What are themes that apply to both Macbeth by Shakespeare and to The Handmaid's Tale by Margaret Atwood? How can these be worked into a single thematic statement?

In Macbeth by Shakespeare, "Macbeth" is an ambitious soldier who is enticed to murder King Duncan by his wife Lady Macbeth. After the murder he becomes a man who values power over life. The murder also causes him fear and insecurity, as he begins to worry that someone will usurp him. In The Handmaid's Tale by Margaret Atwood, the story is set in a future America where women are oppressed and sexual slavery is common. Offred finds herself in this situation after she has been separated from her husband and daughter. She fears for her safety because she does not trust her masters, the Commanders.

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Themes that apply to both Macbeth by Shakespeare and to The Handmaid's Tale by Margaret Atwood include the disdain for the value of human life and the fear that both protagonists feel throughout the story. In fact, the disdain for the value of human life is the key theme that...

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Themes that apply to both Macbeth by Shakespeare and to The Handmaid's Tale by Margaret Atwood include the disdain for the value of human life and the fear that both protagonists feel throughout the story. In fact, the disdain for the value of human life is the key theme that drives the narrative in both stories.

In Macbeth, the title character’s disdain for the value of human life is originally sparked by his wife’s ambition. Lady Macbeth spurs her husband on to kill Duncan. She advises him to act deceptively: to act the part of the welcoming, innocent host while he plots to take the man’s life. Moreover, Duncan has always treated Macbeth well and is, in some ways, a father figure. Lady Macbeth even says that he resembled her own father so much that she could not take his life herself, so her husband does it. Taking his life as if it were nothing too difficult to do transforms Macbeth.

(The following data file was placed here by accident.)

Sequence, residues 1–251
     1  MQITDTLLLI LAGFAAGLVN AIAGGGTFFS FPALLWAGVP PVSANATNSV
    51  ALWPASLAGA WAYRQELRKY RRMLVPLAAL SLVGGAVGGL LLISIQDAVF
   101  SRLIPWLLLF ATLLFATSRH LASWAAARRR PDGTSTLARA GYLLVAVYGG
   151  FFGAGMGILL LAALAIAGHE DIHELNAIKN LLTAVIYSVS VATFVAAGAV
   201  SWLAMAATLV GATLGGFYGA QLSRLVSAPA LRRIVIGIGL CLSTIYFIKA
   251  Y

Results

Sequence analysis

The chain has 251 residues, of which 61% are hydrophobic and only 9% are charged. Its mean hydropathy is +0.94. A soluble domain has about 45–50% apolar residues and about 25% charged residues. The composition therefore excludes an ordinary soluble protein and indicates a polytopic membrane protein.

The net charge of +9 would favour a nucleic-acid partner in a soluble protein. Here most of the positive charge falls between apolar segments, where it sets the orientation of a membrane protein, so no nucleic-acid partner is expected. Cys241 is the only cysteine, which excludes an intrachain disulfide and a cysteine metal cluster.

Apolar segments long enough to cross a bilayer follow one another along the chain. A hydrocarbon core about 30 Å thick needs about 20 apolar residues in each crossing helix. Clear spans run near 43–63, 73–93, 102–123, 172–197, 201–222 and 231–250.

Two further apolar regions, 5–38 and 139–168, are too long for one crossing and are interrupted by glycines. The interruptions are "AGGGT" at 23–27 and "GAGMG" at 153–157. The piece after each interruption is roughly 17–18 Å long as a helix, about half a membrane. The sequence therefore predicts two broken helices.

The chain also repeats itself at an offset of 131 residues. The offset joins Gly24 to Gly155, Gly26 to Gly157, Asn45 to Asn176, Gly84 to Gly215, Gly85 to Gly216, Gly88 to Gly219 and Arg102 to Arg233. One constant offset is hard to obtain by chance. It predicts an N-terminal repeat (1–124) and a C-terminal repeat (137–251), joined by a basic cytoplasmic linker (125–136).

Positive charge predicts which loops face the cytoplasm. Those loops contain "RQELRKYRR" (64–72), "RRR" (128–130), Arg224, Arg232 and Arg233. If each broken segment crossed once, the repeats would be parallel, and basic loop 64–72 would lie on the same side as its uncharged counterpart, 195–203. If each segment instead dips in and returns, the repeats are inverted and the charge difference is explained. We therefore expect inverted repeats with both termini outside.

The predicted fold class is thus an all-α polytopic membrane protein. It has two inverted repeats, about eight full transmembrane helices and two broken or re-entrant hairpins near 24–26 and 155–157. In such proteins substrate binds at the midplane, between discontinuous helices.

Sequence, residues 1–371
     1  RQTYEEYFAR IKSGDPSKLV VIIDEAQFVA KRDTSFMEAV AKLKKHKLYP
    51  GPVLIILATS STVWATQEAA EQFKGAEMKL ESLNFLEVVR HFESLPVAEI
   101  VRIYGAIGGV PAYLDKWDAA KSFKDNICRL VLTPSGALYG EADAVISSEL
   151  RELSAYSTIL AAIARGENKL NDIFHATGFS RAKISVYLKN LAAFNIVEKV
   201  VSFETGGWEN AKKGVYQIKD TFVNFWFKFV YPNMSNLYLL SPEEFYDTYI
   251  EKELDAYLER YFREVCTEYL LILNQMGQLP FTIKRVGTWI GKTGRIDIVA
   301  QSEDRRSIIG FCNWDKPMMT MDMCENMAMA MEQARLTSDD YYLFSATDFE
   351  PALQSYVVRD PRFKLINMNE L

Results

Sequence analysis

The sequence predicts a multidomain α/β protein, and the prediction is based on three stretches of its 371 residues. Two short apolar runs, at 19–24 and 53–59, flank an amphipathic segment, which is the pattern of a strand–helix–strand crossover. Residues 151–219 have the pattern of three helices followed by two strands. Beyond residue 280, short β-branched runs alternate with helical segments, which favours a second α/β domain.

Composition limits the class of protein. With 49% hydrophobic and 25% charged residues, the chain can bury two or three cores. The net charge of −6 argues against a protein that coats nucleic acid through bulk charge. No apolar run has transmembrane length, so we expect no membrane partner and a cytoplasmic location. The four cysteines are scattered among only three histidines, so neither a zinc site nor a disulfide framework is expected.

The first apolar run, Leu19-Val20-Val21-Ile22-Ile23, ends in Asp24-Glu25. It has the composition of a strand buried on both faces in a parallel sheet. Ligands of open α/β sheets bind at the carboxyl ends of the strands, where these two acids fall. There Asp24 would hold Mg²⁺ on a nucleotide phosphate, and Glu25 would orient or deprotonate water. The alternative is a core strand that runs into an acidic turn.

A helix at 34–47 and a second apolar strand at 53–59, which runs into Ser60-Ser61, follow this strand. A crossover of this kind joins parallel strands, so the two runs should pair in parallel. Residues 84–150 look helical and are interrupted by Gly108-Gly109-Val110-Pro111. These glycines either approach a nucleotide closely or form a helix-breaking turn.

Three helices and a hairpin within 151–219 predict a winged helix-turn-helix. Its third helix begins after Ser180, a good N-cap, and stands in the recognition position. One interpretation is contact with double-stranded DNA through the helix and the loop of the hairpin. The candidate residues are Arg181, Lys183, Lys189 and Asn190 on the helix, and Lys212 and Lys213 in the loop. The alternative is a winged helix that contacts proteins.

After the murder, he becomes inured to the value of human life. In fact, when Lady Macbeth dies, the only thing her husband has to say is, “She should have died hereafter,” meaning that it was very inconvenient that she died at that moment. In his famous soliloquy, he ponders the brevity of life, even though it is clear by this point that he no longer values it (for others). Referring to the end of Lady Macbeth’s life, he says,

Out, out, brief candle!

Life's but a walking shadow, a poor player
That struts and frets his hour upon the stage
And then is heard no more.

In other words, Macbeth is saying that life is short and ephemeral like a shadow. Once it is over, it is “heard no more” and signifies nothing. Macbeth has become a man who is indifferent to the pain of others. After he murders Duncan, Macbeth then also has Banquo murdered.

Similarly, in The Handmaid's Tale by Margaret Atwood, the men of Gilead are completely inured to the value of life, particularly when it comes to their handmaids. They feel no guilt at treating the handmaids like caged animals intended merely to breed. They easily cause the handmaids and anyone else who is subversive to be maimed or killed. However, unlike Macbeth, it is not the protagonist who is indifferent to the value of human life in The Handmaid's Tale. In fact, she is a victim of this theme. She is trapped into sexual servitude to the commander.

Another theme similar to both stories is that the title characters have no sense of peace, and each fears for their personal safety, although the reasons are different. In Macbeth, killing Duncan does not turn out the way Macbeth and Lady Macbeth believed that it would. Macbeth becomes consumed with his lust for power and has no peace as he worries about another usurper doing to him what he did to Duncan.

In The Handmaid's Tale, Offred has no peace. This is easily understood. She has been captured and forced to live in the commander’s home and sleep with him. She distrusts his wife and, like Macbeth, fears for her safety. When she sees the commander’s wife working in her garden, it recalls her memory of her own garden when she was a free woman. That she longs for her garden represents her longing for peace. In fact, she thinks of the garden at the commander’s home that “from a distance it looks like peace.”